I've done a few projects using 8-bit PICs, but I never messed with Arduino.

    Back on topic, smart phones. Nowadays we have full blown telecommunication and computing devices that fit in our pocket, that make Star Trek communicators look quaint by comparison. And to think they're more powerful than computers that filled a room just a few decades ago.
    The AVRs are easy to use anyway, I find their peripherals much better designed than what you get on PICs (aside from some of the XMEGA stuff). Arduino just means software bloat plus paying many times as much for the same hardware, and not easily being able to use standard breadboards or protoboards...the Arduino boards include a header offset by half a pin spacing to make it deliberately incompatible with them.

    And yes, the Cortex M ARMs are at least as easy to use these days, with fewer of the arcane quirks AVR and PIC have due to being 8-bit architectures, and a lot of them are available on boards that can plug directly into a solderless breadboard or sockets on a protoboard.

  25. #25
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    Alaska can be a different critter altogether when it comes to shipping but not always a maddening experience. I admit to being spoiled, as Swift suggests, by the state of service. My early experiences with mail order involved paper catalogs, paper checks, paper mail, and 4-to-6 week delivery times. Tracking? Ask Dad. "It'll be here when it gets here, son."

    Nearly everyone likes to complain about the post office but I've watched a few videos of amazing modern mail sorters that use multi-line OCR scan and sort tens of thousands of letters per hour. And on the subject of tracking, I like the USPS's online Informed Delivery feature. It shows me scanned images week's worth of letters that have been or are about to be delivered to my mailbox. On another tab, I can track inbound parcels and add my own notes to them.
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    Automatic transmission for bicycles. Is there anyone who's willing to pedal a bicycle but is too lazy to shift gears?

  27. #27
    Quote Originally Posted by KaiYeves View Post
    Hey now, lobster forks and nutcrackers are also much-appreciated technologies! I had one when I first got here with my parents, but as it’s early in the season and not many have been caught yet, I’m waiting for payday to eat another lobster roll so long as they charge 16 dollars for one!
    I was Cadillac Mountain once as a kid, we were visiting a great-aunt and uncle who lived in the area and on the way back it was decided we should drive up the mountain.
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  28. #28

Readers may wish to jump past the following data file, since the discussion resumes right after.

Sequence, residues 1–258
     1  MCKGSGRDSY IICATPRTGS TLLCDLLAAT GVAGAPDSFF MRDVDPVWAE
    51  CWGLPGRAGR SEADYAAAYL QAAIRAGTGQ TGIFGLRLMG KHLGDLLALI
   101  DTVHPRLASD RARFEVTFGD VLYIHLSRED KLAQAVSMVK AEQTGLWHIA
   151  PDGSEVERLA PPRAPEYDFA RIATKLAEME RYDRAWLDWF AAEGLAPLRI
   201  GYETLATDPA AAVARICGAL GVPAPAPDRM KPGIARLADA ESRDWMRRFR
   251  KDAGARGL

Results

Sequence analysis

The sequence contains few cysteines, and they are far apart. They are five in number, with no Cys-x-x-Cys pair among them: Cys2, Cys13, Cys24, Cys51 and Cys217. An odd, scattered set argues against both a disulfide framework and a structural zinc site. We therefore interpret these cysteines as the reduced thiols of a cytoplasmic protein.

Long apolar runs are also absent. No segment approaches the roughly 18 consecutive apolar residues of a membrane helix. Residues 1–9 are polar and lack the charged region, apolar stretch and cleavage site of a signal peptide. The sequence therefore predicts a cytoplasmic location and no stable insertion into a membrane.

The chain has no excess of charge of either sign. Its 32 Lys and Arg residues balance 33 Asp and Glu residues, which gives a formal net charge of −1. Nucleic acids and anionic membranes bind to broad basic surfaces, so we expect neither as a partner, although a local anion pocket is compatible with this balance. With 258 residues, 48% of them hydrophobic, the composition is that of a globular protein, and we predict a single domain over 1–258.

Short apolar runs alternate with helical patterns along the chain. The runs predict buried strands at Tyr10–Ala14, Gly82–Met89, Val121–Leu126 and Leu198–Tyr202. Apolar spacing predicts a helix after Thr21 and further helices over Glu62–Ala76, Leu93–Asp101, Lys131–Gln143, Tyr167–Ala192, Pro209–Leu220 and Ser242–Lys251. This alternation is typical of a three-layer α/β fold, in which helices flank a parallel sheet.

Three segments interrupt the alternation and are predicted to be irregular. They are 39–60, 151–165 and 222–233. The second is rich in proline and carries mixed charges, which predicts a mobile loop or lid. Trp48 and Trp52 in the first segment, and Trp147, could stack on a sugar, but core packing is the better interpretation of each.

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    Quote Originally Posted by Swift View Post
    Back to the topic at hand: shipping and logistics.

    I live in Ohio, 500 miles or so from the closest ocean. Yet I can get fresh seafood everyday. I've ordered hobby supplies from China and received them in a week or so, and that wasn't expedited shipping. At least in the First World, we have become completely used to the idea that we can receive from and ship to pretty much anywhere in the world, and get it extremely quickly (as long as we are willing to pay, and usually not an outrageous amount). And we can generally track the movement of our delivery around the world.
    When I was a kid, I ordered some records. I was fascinated by the shop owner's electric typewriter. He used it to fill out the mail order form. And in 8-12 weeks, I had two records. Probably a whole 20 or 22 songs in less than half a year.

    In college, my friends would mail me VHS tapes of Mystery Science Theater, recorded off of TV. I would mail them blank tapes to keep the thing going.

    Boy, the world is fast now.
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  29. #29
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    Yes, it isn’t a Star Trek replicator, but ordering things (even dinner and groceries) on my tablet and having them show up soon on my front porch is still pretty amazing. If it is through Amazon, I even get a notification through my Echo Dot when it arrives. With the pandemic I’ve been doing a lot more ordering than previously, and I am getting more used to it. It helps security a bit that I have an atrium, so anything on my porch isn’t visible from the street.

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  30. #30